In March, several wildfires occurred in the south of Sweden. According to the Swedish Civil Contingencies Agency, the risk of fire was unusually high for the time of year.[28][29][30][31]

See also[edit]


  1. ^ a b c d "French soldiers land in Sweden to battle wildfire inferno". thelocal.se. 23 July 2018. Retrieved 25 July 2018.
  2. ^ a b "Barents Region is on fire". thebarentsobserver.com. 23 July 2018. Retrieved 25 July 2018.
  3. ^ a b c "What you need to know about Sweden's historic wildfire outbreak". The Local. 17 July 2018. Retrieved 25 July 2018.
  4. ^ a b c "Så tog bränderna över den svenska sommaren". SVT Nyheter. 30 July 2018. Retrieved 31 July 2018.
  5. ^ a b c d "EU nations help Sweden as wildfires rage above Arctic Circle". Washington Post. 20 July 2018. Archived from the original on 20 July 2018. Retrieved 31 July 2018.
  6. ^ a b "Wildfires have ignited inside the Arctic Circle". Vox. Retrieved 25 July 2018.
  7. ^ a b "Sweden rushes firefighting aircraft to tackle fast-spreading wildfires". Deutsche Welle. 19 July 2018. Retrieved 25 July 2018.
  8. ^ "Extrema värmen i maj krossar rekorden" (in Swedish). expressen.se. 29 May 2018. Retrieved 4 February 2020.
  9. ^ a b "SMHI bekräftar: Rekordvarm juli i år" (in Swedish). Aftonbladet. 31 July 2018. Retrieved 31 July 2018.
  10. ^ Samenow, Jason (18 July 2018). "Record-breaking heat hits Norway, Finland and Sweden". The Sydney Morning Herald. Retrieved 25 July 2018.
  11. ^ "Grillar orsaken till flera bränder i helgen". SVT Nyheter. 16 July 2018. Retrieved 25 July 2018.
  12. ^ "Två skogsbränder härjar i Värmland – franska flyg hjälper till". SVT Nyheter. 30 July 2018. Retrieved 31 July 2018.
  13. ^ Rory Smith; Judith Vonberg; Brandon Miller (18 July 2018). "Dozens of wildfires are raging across Sweden". CNN. Retrieved 25 July 2018.
  14. ^ "Subterranean Wildfire Rages in Denmark". thelocal.dk. 26 July 2018. Retrieved 31 July 2018.
  15. ^ "Flera skogsbränder runt om i Sverige" (in Swedish). SVT Nyheter. 23 May 2018. Retrieved 31 July 2018.
  16. ^ "In pictures: Fighting the Swedish wildfires". BBC News. 22 July 2018. Retrieved 25 July 2018.
  17. ^ "250 km2 skog har brunnit. Lidingös yta = 31 km2" (in Swedish). Lidingo Sidan. 31 July 2018. Retrieved 31 July 2018.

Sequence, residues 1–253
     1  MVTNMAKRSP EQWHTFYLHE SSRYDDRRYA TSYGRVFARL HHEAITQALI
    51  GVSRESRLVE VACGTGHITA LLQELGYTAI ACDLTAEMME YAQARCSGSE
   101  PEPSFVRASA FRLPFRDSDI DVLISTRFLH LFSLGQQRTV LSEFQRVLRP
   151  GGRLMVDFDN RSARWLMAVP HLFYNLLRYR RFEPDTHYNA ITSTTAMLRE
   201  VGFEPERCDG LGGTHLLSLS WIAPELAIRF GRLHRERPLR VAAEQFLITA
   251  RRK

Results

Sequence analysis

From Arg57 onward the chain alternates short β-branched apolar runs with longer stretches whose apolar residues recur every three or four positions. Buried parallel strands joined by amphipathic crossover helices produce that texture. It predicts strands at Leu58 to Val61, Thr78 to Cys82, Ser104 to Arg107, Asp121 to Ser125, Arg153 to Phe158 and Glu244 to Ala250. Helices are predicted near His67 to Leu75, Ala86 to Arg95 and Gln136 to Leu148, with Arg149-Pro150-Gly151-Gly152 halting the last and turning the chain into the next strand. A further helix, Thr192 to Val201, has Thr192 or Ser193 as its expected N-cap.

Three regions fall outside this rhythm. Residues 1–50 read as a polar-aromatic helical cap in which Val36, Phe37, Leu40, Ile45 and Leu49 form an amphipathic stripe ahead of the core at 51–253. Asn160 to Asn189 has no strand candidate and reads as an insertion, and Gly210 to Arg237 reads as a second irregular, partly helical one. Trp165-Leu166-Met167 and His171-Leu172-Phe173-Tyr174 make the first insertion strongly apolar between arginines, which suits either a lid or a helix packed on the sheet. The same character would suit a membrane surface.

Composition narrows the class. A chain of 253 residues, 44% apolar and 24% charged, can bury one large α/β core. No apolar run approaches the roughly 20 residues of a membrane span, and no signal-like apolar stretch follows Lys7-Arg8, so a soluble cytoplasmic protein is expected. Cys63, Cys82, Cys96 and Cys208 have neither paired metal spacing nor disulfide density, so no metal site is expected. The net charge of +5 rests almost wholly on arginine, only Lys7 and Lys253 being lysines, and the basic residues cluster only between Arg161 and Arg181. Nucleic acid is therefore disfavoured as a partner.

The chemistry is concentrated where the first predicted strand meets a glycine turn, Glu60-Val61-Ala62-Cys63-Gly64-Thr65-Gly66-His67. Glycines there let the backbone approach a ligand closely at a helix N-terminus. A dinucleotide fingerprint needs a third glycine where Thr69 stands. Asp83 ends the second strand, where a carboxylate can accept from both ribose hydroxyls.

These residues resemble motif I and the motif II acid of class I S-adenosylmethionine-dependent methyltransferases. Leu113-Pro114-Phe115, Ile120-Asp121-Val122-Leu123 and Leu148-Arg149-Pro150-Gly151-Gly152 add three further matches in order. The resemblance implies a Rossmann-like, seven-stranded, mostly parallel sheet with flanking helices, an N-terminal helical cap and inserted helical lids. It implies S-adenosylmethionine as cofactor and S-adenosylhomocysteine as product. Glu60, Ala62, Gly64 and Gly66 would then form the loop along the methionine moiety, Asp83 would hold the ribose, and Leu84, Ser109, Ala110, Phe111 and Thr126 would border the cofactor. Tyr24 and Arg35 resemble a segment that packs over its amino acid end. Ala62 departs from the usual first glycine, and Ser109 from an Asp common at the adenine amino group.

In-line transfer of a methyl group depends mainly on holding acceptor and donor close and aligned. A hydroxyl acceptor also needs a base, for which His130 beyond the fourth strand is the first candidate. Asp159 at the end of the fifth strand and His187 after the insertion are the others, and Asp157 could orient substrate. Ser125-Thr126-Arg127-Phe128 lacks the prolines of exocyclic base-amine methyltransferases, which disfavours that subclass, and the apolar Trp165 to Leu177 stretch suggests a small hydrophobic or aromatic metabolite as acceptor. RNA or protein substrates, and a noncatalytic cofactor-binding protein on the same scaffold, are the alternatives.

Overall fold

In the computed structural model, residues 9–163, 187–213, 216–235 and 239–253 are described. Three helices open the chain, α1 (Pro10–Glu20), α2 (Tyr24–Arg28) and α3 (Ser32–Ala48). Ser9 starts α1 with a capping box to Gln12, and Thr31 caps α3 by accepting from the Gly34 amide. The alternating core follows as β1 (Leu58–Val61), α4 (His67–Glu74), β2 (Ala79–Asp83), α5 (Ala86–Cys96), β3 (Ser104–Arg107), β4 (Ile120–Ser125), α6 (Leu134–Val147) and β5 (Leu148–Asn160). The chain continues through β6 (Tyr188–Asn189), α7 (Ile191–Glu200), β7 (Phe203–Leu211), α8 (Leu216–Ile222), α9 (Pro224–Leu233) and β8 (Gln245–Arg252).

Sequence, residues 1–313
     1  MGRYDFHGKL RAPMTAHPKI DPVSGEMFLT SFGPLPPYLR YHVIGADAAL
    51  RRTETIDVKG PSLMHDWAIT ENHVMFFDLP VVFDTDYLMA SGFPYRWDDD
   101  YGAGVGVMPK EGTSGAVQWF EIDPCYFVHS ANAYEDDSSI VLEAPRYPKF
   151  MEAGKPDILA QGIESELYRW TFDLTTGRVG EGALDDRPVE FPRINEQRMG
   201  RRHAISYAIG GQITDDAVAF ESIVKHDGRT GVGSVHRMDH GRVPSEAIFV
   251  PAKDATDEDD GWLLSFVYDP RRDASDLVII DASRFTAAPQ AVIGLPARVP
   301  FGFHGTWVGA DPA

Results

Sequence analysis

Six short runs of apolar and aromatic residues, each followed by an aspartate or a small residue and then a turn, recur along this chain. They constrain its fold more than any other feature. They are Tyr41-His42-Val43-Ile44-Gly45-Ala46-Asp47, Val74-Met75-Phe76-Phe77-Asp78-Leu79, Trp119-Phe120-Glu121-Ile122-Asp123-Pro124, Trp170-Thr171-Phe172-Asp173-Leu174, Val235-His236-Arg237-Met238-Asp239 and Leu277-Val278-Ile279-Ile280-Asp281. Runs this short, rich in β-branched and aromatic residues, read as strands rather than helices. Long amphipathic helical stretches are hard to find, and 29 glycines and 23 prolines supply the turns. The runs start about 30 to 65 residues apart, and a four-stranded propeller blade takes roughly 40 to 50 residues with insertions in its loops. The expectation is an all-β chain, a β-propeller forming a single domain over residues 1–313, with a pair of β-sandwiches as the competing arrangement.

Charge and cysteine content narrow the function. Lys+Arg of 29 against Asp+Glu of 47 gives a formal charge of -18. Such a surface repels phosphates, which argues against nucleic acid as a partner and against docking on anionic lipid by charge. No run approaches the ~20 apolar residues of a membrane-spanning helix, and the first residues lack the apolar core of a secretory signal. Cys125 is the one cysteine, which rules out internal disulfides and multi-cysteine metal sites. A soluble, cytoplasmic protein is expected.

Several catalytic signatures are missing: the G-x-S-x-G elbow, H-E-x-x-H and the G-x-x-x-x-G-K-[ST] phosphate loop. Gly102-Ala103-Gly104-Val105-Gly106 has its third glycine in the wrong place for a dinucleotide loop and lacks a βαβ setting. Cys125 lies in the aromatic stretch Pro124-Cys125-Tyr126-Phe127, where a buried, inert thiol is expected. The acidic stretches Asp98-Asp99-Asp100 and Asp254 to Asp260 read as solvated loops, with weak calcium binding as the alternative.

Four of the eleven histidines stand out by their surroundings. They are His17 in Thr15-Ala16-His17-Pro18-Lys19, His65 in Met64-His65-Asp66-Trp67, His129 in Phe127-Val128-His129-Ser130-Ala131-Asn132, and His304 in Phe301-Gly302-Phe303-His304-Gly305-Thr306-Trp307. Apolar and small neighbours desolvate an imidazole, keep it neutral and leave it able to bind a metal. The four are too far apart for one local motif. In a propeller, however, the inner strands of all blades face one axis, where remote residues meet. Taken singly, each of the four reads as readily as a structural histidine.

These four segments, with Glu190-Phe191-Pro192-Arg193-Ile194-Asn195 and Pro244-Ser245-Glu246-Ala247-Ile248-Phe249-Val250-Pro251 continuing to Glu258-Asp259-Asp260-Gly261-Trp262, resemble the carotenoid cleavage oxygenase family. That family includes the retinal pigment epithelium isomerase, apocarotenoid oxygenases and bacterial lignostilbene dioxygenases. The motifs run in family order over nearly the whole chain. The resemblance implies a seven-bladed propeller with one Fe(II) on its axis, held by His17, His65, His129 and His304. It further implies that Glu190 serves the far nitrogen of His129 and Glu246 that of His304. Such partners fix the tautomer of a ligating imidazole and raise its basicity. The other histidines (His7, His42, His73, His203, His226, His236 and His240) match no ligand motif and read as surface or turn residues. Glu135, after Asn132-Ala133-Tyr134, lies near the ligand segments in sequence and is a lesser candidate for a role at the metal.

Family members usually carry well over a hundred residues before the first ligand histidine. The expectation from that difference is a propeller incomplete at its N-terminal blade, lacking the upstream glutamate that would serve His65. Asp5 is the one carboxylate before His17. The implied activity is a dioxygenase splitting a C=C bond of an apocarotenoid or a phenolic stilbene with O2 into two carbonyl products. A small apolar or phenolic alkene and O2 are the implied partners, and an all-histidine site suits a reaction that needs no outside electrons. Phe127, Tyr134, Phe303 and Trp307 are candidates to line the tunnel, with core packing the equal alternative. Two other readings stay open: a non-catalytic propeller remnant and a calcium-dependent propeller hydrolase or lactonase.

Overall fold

18. ^ "Data shows Sweden's wildfire problem is unusual". Euronews. 20 July 2018. Retrieved 25 July 2018.
  19. ^ "Det här med "i modern tid"" (in Swedish). Upsala Nya Tidning. 7 September 2014. Retrieved 3 August 2018.
  20. ^ "Mit Feuer gegen Feuer" (in German). Spiegel Online. 26 July 2018. Retrieved 31 July 2018.
  21. ^ "Flera byar evakuerade på grund av bränderna" (in Swedish). Sveriges Radio. 19 July 2018. Retrieved 31 July 2018.
  22. ^ "Flygvapnet släppte 270 kilo tung bomb över branden" (in Swedish). SVT Nyheter. 25 July 2018. Retrieved 31 July 2018.
  23. ^ "The Swedish town on the frontline of the Arctic wildfires". The Guardian. 30 July 2018. Retrieved 31 July 2018.
  24. ^ a b "Danske brandfolk bliver i Sverige mens andre tager hjem" (in Danish). Berlingske. 31 July 2018. Retrieved 31 July 2018.
  25. ^ "Skovbrande har hærget Sverige i tre uger: Nyt hold danske frivillige på vej" (in Danish). DR News. 31 July 2018. Retrieved 31 July 2018.
  26. ^ "Europæiske brandfolk er ved at forlade Sverige: Hjælpen har givet resultater" (in Danish). Berlingske. 31 July 2018. Retrieved 31 July 2018.
  27. ^ "Så länge stannar de utländska brandflygplanen i Sverige". SVT Nyheter. 27 July 2018. Retrieved 31 July 2018.
  28. ^ Söderlund, Andreas (22 April 2019). "Flera skogsbränder i Sverige: "Det är öppna lågor"" (in Swedish). Retrieved 24 April 2019.
  29. ^ "MSB om skogsbränderna: "Ser riktigt illa ut"". Aftonbladet (in Swedish). Retrieved 24 April 2019.
  30. ^ "Kraftig skogsbrand vattenbombas i Gislaved". DN.SE (in Swedish). 22 April 2019. Retrieved 24 April 2019.
  31. ^ Radio, Sveriges. "MSB: Stor risk för skogsbränder i hela landet - P4 Kalmar". sverigesradio.se (in Swedish). Retrieved 24 April 2019.

External links[edit]